I do agree that Brexits unpopularity and anticipated effects outside of its main support base in England, has created in Ireland and Scotland a new dynamic towards there being a practical economic advantage in having a united Ireland and an independent Scotland still in Europe, but that is a matter for referendums and depends on a positive vote from all northern Ireland’s communities in support of it, so while Brexit sparked a new dynamic and was an element perhaps in the fresh thinkings of Southern voters in their recent election, it was not the practical lead. Cockburn’s article also understands this.

Cuchulainn Is Not Dead! by Antonio Carty

(A large life sized pencil and inks drawing, of a man named Martin,

on a rainy busy day under Pearse Station bridge, Dublin Nov.2014)

A big surge of Irish voters where and are disillusioned with self congratulating GDP boasts from their traditional ruling party’s, while their health, home and living costs, are way to high and wages to low, but Ireland’s people voted for progressive solutions with their heads and their hearts. Forget Brexit, this international Rebellion’s electoral harvest has a good brain. Where as Brexit, is associated with the mindless rule of misbegotten impulse over true solutions. The Fine Gael outgoing government, who are the Tory party’s kindred spirits in Ireland, also tried make the election about Brexit and the fear of its effects, warning voters to continue with their government for ‘economic stability’ and that their ‘Brexit Team’ was the only ones trained in the vital Brexit negotiations battle, but people saw fixing Ireland’s practical weaknesses in health and housing ect. as an instability to fix now and that a large practical investment to build it was what is realistic and necessary, and that this action would be a real and robust best defence to weather economic unpredictability. The economic Brexit fears that, declining Fine Gael and Fianna Fail (who had always been the two traditional ruling party alternatives) had tried stoke, failed to lead the election and its perspective as they expected, voters thankfully rebelled and finally rejected the fear of tampering with an economy that is never fixing their main crises or working to help them enough. They voted in a surge of support for Taxes on the wealthy and for a big public spending program needed to change and fix Ireland’s lingering and significantly degrading crises in health and homes ect.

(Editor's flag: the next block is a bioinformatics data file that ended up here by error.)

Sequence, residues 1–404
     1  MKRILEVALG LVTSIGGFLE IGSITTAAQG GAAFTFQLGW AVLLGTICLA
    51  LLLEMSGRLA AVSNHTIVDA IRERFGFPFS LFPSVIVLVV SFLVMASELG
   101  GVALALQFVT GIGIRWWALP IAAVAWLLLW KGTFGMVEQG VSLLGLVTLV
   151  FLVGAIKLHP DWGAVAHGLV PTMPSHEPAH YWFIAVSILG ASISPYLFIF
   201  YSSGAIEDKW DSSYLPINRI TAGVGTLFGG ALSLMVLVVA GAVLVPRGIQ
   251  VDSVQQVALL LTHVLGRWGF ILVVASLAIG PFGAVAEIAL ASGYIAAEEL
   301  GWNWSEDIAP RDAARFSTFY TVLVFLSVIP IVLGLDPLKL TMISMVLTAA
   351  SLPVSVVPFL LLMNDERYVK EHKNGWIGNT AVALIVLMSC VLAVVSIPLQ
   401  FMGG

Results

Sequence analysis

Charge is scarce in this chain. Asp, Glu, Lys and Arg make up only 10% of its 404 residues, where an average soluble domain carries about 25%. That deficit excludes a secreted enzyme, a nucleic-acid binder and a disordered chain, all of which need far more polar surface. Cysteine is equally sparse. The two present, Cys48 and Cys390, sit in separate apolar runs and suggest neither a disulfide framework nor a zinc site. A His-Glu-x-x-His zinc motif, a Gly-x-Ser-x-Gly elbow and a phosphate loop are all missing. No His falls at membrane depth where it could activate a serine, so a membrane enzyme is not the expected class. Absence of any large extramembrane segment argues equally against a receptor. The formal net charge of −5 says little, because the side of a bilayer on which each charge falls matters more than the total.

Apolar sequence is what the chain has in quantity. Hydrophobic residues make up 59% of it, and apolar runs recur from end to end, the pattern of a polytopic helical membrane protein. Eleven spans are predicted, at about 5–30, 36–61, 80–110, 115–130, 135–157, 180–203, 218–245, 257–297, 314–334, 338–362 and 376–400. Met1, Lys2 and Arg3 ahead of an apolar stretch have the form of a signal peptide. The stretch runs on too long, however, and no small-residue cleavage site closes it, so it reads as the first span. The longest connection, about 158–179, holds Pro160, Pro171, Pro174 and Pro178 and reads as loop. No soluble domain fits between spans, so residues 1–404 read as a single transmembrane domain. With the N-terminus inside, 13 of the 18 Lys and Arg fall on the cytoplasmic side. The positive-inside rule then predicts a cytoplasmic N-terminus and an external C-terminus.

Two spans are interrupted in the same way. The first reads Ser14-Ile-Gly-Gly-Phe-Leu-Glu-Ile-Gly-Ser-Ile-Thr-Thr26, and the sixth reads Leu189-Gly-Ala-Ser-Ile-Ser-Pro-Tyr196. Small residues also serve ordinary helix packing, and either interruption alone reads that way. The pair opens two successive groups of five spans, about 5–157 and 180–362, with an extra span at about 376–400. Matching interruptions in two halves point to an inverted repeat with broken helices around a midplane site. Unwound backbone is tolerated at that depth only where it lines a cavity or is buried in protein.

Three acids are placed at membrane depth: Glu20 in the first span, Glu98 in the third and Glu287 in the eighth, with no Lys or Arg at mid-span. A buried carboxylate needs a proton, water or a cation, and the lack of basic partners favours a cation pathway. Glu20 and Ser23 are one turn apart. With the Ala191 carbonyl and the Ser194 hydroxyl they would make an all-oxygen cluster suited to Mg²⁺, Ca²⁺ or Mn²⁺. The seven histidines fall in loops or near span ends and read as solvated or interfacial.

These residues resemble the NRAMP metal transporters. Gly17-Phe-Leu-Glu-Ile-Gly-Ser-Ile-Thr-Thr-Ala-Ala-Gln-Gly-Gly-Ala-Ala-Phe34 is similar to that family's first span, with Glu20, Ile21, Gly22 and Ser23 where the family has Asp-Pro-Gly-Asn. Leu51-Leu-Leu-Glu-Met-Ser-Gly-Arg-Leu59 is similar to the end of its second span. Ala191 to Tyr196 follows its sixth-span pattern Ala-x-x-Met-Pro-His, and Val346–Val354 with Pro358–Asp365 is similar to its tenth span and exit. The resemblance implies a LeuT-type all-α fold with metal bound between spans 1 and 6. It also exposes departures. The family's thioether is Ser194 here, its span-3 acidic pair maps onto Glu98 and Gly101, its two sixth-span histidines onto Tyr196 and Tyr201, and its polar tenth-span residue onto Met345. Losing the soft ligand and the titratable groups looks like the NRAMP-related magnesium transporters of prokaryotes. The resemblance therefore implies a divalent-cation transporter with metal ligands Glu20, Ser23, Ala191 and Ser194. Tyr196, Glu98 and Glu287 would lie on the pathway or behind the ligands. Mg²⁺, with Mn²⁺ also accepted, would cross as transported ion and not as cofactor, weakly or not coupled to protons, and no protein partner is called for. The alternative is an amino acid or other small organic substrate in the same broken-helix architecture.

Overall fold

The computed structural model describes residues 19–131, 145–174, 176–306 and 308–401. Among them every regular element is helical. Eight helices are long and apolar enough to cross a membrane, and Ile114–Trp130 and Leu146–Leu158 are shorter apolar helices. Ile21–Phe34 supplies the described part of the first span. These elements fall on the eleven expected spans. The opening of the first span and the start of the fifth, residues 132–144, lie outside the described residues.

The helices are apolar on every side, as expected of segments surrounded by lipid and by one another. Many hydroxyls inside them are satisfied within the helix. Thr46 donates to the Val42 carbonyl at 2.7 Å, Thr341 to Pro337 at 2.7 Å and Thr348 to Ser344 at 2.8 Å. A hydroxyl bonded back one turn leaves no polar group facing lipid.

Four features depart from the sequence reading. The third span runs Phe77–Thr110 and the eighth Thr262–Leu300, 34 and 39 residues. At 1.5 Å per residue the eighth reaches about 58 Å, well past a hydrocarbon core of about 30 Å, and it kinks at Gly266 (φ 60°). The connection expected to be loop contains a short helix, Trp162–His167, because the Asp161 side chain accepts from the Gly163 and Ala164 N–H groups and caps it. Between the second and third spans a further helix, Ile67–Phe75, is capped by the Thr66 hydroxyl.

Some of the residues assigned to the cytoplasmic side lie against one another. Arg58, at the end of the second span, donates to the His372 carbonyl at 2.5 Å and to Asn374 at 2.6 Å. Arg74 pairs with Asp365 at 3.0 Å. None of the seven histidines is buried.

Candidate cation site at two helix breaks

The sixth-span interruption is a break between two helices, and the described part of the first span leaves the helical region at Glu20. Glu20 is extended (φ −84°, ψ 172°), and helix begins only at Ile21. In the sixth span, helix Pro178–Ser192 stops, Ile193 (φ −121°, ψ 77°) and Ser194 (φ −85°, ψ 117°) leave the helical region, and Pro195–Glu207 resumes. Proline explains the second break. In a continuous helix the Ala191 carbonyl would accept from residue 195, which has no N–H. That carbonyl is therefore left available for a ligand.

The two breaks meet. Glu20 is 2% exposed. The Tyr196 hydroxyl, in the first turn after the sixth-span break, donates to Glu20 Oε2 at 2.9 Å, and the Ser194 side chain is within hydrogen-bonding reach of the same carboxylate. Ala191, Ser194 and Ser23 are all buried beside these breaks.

So it is Ireland’s rebellion moment for sure, but it wasn’t an exit or a lobotomy from the common international struggle of humanity, it was an opening up of politics and voters minds through their surge of participation in a brave vote for social justice, humanity before profit, through the election of the policies and promises of the progressive left, thankfully! I hope Sinn Fein and the other Left party’s can agree and are able to form a large enough coalition with out the old traditional ruling party’s sabotage, so that their combined progressive manifesto polices, have a fair chance to work effectively together and so prove their continued merits for re election, by creating actual improvements for people’s lives.

Its a good article from a writer I always read, but, I just wanted to make this, I hope useful contribution, through a point angled against the growing use of Brexit as a new verb for a rebellion. Forget Brexit, Rebellion is the verb!

Leave a comment